In general, retail landlords had a tough 2020. At the same time, Premier made hay while the sun didn’t shine. It has announced record results across the pandemic period.

I suspect this may have been a source of annoyance to Fortius.

When tenants unilaterally decide to stop paying rent, it is not an unusual response by landlords to lock them out. But with online sales surging and pressure to limit vacancies, this is starting to look like a remedy of last resort. Premier itself makes no secret that 70% of its stores are on holdover or short terms, and that the EBIT margin from its online business is “significantly higher” than the group average. It has closed 51 stores in the last 12 months. You do not need to be Einstein to deduce that Premier is positioned to wind back its bricks and mortar presence when expedient.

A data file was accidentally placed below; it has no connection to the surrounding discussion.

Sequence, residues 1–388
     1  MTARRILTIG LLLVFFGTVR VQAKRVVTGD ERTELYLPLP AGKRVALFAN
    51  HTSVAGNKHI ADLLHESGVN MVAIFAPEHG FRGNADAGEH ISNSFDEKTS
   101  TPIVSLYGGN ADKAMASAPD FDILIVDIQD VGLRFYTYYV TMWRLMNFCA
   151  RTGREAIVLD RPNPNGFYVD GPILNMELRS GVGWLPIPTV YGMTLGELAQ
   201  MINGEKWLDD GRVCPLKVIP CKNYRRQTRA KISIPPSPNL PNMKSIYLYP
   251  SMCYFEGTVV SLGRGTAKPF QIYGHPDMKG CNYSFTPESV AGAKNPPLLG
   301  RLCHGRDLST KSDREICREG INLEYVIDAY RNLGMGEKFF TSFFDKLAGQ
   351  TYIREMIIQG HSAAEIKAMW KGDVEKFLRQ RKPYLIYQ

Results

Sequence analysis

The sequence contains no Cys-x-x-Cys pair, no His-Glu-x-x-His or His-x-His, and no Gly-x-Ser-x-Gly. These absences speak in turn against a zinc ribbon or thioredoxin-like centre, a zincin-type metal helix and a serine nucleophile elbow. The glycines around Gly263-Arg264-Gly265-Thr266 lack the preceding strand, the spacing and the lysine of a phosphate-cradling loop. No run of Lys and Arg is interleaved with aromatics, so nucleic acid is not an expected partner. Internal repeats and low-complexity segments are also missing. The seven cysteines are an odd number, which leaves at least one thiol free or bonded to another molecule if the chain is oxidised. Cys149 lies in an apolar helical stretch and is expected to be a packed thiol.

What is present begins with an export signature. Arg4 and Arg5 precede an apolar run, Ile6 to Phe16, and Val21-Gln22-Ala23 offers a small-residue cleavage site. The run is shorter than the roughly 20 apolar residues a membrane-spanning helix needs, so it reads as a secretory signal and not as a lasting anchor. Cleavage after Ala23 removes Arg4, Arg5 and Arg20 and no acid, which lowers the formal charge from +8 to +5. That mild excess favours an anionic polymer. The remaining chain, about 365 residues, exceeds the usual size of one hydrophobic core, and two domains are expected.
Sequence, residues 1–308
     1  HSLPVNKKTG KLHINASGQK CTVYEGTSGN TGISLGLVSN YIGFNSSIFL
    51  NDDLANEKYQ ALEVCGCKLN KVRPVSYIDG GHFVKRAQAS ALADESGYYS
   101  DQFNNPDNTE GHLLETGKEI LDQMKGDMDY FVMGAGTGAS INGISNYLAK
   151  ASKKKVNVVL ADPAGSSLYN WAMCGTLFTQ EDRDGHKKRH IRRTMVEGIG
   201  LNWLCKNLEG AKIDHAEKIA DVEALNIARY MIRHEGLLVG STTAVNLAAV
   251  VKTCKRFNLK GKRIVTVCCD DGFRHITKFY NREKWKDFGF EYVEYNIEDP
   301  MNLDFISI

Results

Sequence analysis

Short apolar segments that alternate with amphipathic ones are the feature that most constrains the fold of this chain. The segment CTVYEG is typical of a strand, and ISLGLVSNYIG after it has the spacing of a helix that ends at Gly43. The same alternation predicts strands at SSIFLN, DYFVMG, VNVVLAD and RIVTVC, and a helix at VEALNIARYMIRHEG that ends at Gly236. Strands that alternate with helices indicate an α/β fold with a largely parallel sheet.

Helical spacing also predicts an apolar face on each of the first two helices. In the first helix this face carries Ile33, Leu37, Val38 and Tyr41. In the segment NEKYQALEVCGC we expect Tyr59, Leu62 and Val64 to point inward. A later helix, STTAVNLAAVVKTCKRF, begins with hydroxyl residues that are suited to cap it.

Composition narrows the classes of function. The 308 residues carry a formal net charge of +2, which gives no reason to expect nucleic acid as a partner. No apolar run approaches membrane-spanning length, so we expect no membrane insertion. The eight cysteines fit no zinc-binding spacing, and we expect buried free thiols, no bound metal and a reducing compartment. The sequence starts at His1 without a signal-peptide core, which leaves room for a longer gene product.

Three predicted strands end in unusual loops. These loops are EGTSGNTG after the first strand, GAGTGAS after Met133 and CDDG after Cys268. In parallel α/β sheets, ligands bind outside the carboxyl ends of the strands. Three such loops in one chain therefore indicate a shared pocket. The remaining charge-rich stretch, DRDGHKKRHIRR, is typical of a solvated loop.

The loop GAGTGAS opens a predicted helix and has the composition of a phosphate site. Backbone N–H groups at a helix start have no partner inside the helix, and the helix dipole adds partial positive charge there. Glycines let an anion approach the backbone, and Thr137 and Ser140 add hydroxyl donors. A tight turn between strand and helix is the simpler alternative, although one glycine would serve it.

And the fundamentals from those factors suggest that any landlords who have not renegotiated their leases with Premier are unlikely to lock it out for breach. Those landlords will be standing on the sidelines, cheering for Fortius.

In terms of the legal issues raised by the Fortius claim, I would make the following observations:

  1. Leases generally provide that the agreed rent must be paid on time, without set off, counterclaim or deduction.
  2. Leases do not generally entitle the tenant to claim rent abatement in consequence of a pandemic. Generally, that risk lands where it falls.
  3. There is no suggestion that Premier has raised a defence of frustration. Generally, the effect of the pandemic was not to frustrate leases. The industry had a good look at this issue at the start of the pandemic, and so far as I am aware, no claim of frustration has been made to the court. One thing is certain: a lease cannot be partly frustrated. A lease cannot be frustrated for the payment of rent, but not frustrated for the purpose of possession and continuation of the term. That would be like being partly pregnant.